Salmon fish (2)

The Aquaculture Stewardship Council has changed its policy on sea lice, meaning millions of fish could suffer painful infestations before being treated, said Compassion in World Farming

Compassion in World Farming has written to farmed seafood certification body The Aquaculture Stewardship Council to urge it to reverse its latest policy change on seafood welfare.

The ASC recently announced its policy on sea lice had changed, allowing millions of fish to suffer painful infestations before being treated, CIWF claimed.

The scheme had essentially relaxed acceptable levels for sea lice infestations as part of the change, CIWF suggested. And in Scotland, the move could mean a five-fold increase in infestations as a result.

The ASC had previously defined a maximum on-farm lice level of 0.1 mature female lice per farmed fish, during sensitive periods for wild fish. However, the requirement has now been changed to align with the jurisdiction standards of the country where the farm is situated.

In Scotland, the industry sets its own thresholds at an average of 0.5 to 1 adult female lice per salmon (depending on time of year), meaning more fish would suffer, CIWF warned.

“This policy change is deeply disappointing and represents a significant step backwards for the scheme,” said Dr Krzysztof Wojtas, head of fish policy at CIWF. “It will allow farms to lower their standards on sea lice and force millions of farmed salmon to endure more suffering through painful infestations.”

The animal charity said that sea lice “eat away at the fish causing painful open woods and injuries”, and are common in farmed fish due to the animals’ close confinement.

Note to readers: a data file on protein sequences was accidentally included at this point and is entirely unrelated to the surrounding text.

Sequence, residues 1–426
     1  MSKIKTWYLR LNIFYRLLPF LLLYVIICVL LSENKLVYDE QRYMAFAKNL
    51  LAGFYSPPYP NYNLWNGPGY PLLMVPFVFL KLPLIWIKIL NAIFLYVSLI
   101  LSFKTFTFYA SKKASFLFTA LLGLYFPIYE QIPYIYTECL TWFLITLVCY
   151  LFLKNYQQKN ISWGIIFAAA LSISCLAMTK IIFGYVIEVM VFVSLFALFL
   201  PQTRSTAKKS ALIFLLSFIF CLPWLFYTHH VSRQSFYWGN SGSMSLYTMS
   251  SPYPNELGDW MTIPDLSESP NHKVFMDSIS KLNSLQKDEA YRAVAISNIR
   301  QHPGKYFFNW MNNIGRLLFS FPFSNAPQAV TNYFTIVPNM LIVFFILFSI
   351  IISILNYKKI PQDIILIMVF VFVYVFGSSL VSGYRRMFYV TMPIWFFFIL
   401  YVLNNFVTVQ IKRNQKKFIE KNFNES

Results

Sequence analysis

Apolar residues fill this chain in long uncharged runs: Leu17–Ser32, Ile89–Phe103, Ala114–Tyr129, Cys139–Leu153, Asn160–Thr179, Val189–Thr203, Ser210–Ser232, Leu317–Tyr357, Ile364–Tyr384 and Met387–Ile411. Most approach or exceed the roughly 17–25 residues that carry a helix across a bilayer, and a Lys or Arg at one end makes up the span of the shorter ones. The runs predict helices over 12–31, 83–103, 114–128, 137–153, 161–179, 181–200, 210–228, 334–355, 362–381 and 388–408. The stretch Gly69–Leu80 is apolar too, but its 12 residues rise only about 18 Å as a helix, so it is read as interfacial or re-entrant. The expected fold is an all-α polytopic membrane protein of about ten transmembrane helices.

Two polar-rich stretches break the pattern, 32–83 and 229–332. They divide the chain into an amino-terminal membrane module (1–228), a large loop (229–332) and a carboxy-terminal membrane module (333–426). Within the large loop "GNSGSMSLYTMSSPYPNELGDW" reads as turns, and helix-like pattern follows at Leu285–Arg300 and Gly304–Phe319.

“The Aquaculture Stewardship Council should be improving its fish welfare standards to meet the expectations of consumers, not lowering the bar and allowing fish to suffer more,” he added.

The ASC certifies salmon farms around the world including in Scotland, Norway, Chile, Canada, Faroe Islands, Iceland, Japan, Denmark and Australia.

It contested the criticism made by CIWF.

In a statement, the ASC told The Grocer: “Since a strong rationale for using the previous metric level could not be found in scientific literature, an independent evaluation confirmed the [new] approach to using sea lice limits that reflect the lowest current action/trigger limits used by the different regions as a starting place for ASC’s regionally relevant sea lice limits and sensitive periods.” 

It added there had previously been no requirements set for sea lice measuring methodologies. Therefore, “we consider this revision to be strengthening the verification mechanism on standard compliance”. 

“The combination of revised indicators will deliver improved practice enabling protection of wild salmonids; and overall, the revised ASC Salmon Standard significantly improves the control mechanism once the metric limit is reached or exceeded,” it added. 

The organisation explained it would also be enforcing strict measures on proper lice control which sends a “strong message to the industry to manage lice levels in a responsible manner”. 

The ASC has said it will continue to review the standard every six months and it remains open to evidence.